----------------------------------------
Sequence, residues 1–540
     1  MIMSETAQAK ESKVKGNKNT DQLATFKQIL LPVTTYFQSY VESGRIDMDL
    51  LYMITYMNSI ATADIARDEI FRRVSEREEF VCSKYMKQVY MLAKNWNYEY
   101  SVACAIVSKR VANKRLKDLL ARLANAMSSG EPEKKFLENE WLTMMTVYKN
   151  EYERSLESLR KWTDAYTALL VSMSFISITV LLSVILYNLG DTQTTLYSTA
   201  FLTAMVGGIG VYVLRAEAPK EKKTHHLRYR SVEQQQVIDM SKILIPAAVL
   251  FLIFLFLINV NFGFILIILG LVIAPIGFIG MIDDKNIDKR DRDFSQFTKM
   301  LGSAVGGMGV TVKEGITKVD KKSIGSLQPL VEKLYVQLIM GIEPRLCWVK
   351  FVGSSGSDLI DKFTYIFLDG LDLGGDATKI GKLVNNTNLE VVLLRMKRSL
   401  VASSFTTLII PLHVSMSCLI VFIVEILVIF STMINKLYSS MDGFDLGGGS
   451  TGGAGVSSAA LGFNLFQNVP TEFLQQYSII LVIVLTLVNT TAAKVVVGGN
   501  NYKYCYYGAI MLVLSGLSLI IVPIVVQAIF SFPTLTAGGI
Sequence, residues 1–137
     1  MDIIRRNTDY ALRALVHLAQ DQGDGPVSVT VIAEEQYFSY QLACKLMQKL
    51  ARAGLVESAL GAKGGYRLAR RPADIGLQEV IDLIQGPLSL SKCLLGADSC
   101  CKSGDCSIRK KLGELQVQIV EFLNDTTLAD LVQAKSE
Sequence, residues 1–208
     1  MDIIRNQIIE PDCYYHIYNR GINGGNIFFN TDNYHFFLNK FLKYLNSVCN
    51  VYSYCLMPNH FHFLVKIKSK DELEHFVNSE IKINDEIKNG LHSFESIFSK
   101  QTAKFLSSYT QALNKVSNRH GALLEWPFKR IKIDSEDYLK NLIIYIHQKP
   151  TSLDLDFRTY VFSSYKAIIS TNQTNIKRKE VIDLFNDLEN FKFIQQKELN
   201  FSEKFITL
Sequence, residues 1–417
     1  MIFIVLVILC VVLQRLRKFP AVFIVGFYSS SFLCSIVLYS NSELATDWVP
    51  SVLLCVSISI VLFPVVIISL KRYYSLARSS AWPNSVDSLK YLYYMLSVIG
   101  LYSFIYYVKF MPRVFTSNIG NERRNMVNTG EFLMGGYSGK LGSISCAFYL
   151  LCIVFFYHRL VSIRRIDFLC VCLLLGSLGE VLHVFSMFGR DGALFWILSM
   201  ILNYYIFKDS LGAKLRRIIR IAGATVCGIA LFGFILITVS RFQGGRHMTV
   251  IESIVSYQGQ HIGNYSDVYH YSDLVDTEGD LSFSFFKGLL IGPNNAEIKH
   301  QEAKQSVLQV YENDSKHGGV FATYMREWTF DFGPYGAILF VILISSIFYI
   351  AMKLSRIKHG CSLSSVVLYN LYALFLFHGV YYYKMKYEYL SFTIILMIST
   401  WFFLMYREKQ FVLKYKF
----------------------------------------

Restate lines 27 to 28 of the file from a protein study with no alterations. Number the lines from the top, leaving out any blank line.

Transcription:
   151  LCIVFFYHRL VSIRRIDFLC VCLLLGSLGE VLHVFSMFGR DGALFWILSM
   201  ILNYYIFKDS LGAKLRRIIR IAGATVCGIA LFGFILITVS RFQGGRHMTV